With the heat of the summer upon the Midwest, my friends and I try to play a game of pick up baseball every day at noon at our local field.
It’s been a tradition ever since high school started, and I am very glad we’ve continued to play once everyone got back from college.
Baseball has been in my family’s life, really my whole town’s life, since I could remember. My grandpa was the head coach and my uncle was a player on Highland’s (my hometown) first team to make it to the Little League World Series, where they placed fourth.
I’ve played baseball ever since I could walk.
I stopped playing organized baseball after Little League because of how politicized it had gotten in my town and moved on to focusing on soccer and tennis, but I never (and have never) stopped playing baseball.
Despite me deciding to not play organized baseball, my love for the game has only grown. I continue to make trips up to Chicago to see the Cubs lose, and I will even be going to up to Milwaukee to see a few Brewers games.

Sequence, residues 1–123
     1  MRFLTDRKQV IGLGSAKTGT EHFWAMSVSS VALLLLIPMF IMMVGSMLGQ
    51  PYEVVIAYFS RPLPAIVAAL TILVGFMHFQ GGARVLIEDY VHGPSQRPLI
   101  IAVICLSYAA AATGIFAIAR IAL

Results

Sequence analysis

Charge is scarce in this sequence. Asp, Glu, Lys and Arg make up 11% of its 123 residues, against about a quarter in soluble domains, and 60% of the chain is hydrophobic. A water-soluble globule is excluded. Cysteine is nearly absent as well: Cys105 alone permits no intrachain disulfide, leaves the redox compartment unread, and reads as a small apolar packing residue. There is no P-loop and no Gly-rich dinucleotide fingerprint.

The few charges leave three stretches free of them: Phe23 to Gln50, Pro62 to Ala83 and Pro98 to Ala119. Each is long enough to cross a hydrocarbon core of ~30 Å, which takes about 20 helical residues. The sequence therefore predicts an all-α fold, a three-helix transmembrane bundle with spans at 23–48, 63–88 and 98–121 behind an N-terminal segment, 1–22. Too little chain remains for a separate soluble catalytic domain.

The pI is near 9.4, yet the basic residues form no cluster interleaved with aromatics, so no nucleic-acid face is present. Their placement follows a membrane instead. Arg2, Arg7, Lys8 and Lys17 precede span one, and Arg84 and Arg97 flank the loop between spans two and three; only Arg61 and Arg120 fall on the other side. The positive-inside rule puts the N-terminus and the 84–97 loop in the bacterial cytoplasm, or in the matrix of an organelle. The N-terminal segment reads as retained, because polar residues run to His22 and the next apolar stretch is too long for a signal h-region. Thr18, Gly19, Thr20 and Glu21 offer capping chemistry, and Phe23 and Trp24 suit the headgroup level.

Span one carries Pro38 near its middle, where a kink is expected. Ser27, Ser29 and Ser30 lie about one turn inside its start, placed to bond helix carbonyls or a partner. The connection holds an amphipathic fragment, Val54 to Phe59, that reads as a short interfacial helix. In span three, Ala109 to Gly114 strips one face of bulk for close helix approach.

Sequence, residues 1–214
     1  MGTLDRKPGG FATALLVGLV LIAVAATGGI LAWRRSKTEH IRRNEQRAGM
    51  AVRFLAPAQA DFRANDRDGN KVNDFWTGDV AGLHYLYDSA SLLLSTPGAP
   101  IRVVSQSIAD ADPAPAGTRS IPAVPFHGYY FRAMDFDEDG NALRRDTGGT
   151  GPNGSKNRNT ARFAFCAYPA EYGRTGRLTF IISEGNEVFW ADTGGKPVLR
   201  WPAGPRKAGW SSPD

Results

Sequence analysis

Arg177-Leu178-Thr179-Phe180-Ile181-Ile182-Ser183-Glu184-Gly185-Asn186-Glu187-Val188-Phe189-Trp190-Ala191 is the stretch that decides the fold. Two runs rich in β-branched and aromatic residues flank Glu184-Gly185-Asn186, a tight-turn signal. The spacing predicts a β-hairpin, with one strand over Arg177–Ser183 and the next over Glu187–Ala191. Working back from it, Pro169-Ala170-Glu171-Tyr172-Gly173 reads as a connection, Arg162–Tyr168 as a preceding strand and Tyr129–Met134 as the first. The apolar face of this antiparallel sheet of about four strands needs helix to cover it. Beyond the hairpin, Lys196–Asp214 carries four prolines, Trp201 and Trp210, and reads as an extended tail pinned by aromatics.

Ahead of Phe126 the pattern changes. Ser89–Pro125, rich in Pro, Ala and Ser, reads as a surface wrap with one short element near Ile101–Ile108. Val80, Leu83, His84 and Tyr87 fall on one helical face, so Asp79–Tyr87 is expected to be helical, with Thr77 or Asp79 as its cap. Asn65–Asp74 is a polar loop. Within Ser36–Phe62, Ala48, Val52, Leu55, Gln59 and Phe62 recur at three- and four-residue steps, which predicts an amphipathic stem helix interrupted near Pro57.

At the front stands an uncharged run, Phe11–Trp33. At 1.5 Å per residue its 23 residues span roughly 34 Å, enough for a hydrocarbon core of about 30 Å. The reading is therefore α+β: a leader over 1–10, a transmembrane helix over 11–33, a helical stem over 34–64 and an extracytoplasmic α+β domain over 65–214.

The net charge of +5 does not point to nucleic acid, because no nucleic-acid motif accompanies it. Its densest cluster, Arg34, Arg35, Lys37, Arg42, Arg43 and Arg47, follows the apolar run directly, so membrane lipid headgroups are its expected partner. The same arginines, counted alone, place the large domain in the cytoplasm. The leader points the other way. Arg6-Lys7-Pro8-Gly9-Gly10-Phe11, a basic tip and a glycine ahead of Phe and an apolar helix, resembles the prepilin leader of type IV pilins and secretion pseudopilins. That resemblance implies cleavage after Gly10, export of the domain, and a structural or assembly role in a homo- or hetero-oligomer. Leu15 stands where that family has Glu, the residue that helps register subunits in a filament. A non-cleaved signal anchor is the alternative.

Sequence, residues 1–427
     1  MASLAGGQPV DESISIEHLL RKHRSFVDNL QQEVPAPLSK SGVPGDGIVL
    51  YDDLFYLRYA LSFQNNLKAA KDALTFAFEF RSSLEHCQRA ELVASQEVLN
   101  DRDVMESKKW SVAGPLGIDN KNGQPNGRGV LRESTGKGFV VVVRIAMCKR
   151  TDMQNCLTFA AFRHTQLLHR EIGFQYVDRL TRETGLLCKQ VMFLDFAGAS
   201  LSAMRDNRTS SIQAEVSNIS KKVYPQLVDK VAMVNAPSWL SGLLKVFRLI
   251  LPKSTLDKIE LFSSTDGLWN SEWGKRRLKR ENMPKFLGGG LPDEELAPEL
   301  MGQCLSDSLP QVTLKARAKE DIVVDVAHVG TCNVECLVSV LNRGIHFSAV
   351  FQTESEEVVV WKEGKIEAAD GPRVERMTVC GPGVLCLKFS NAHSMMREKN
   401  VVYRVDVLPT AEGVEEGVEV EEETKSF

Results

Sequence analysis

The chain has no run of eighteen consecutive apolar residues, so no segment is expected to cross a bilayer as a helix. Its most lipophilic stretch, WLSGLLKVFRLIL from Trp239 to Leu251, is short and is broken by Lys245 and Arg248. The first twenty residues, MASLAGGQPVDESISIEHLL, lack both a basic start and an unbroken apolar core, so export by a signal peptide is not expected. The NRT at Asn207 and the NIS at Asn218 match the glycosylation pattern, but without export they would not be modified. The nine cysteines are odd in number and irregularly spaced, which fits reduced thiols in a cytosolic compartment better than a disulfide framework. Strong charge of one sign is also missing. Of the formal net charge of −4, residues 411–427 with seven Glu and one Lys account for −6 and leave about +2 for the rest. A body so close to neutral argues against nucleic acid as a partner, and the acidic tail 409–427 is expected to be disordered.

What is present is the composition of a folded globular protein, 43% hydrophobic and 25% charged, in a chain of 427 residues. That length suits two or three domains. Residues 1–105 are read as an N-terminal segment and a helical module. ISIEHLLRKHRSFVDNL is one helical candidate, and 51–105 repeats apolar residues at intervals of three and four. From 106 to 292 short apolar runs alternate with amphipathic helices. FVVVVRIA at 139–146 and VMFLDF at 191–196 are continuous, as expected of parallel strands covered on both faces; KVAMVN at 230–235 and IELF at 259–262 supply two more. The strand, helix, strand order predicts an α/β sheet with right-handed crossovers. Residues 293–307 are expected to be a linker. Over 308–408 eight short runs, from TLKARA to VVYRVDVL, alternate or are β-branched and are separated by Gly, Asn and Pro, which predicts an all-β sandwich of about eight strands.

While I still continue to play and focus my attention on baseball, the younger kids have stopped.
The Little League in my town has only seven teams at the “Major League” level. The Babe Ruth League that comes after Little League has only four teams.
Just six years ago, when I was in Little League, we had no problem filling up 10-12 teams. We had some of the best talent in the county and even the state. That’s because my generation of kids played a game of baseball or even a simple game of catch in our front yard nearly every single day if the weather permitted.
But kids just aren’t playing baseball anymore.
It’s not just happening in my town. It’s also happening nationwide.
Little League participation has decreased a whopping 24% from 2000-2009. The amount of high school baseball programs in the country has remained steady, but with fewer kids picking up a bat and mitt, you have to assume that number will decrease in the future.
The days of kids playing catch in their front yard are about over too, and it’s saddening to me.
While youth participation in baseball decreases year-by-year, youth participation in hockey (which is great to see) and football has grown 38% and 21% respectively.
Studies are being done right now to find out exactly why fewer children are playing baseball. While I love to see any sports program grow, if there’s one sport that shouldn’t be marginalized, it’s baseball.